How "Fake News" Influences the Beliefs and Decision-Making of Individuals and Governments

Article ID: 666496

Released: 14-Dec-2016 1:05 PM EST

Source Newsroom: Tufts University

Expert Pitch

Kelly M. Greenhill, Ph.D., a political science professor in the School of Arts and Sciences at Tufts University, has been awarded a National Endowment for the Humanities (NEH) Fellowship to further her research on how rumors, conspiracy theories, myths, propaganda, and entertainment media influence the beliefs and decision-making of individuals and governments.

Greenhill’s research will focus on the often significant impact of what she calls “extra-factual information” on the how individuals and governments perceive and respond to security-related threats.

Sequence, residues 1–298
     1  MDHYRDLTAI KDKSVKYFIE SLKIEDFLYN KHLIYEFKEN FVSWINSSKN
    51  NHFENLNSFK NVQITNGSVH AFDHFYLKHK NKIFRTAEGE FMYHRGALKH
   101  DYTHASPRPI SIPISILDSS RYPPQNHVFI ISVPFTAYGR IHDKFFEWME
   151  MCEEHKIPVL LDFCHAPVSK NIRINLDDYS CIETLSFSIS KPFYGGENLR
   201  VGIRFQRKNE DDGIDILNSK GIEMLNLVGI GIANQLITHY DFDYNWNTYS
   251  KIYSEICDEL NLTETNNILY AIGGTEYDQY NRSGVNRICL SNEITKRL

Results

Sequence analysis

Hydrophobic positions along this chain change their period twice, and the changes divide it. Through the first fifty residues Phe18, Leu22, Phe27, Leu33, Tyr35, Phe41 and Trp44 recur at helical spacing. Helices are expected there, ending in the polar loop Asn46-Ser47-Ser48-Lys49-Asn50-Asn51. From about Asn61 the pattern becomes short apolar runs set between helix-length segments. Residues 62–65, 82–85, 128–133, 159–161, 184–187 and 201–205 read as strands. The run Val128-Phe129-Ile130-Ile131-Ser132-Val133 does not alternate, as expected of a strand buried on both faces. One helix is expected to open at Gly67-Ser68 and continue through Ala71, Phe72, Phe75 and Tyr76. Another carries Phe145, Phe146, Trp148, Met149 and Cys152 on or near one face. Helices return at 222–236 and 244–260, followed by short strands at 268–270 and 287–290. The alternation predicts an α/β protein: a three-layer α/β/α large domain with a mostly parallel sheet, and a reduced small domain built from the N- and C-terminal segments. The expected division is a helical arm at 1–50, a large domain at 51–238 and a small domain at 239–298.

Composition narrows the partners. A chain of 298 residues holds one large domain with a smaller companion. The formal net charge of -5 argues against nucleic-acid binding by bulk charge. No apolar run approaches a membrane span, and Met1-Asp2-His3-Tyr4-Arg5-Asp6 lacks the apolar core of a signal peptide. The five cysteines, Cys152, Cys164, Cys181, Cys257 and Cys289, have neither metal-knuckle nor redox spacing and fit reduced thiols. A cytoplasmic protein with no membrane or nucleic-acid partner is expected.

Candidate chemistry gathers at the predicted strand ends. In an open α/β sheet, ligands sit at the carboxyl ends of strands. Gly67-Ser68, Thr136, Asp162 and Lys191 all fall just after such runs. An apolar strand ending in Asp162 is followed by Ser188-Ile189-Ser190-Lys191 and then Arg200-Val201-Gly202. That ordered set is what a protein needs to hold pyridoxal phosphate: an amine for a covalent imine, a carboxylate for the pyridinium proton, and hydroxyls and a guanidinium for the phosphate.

Greenhill’s forthcoming book, “Whispers of War, Mongers of Fear: Extra-factual Sources of Threat Conception and Proliferation,” explores how individuals learn what to fear and how to respond to the threats they have identified, particularly during periods of significant ambiguity and heightened danger. Such episodes include the aftermath of terrorist attacks, and during wars, economic crises, and other periods of domestic or international unrest. The book examines the influence of extra-factual information from the late 19th century through today, and includes cases from the United States, Russia, Germany, and the United Kingdom.

Her research illustrates how extra-factual information sources often have had exercised profound influence on national security decision-making at the highest levels of government.


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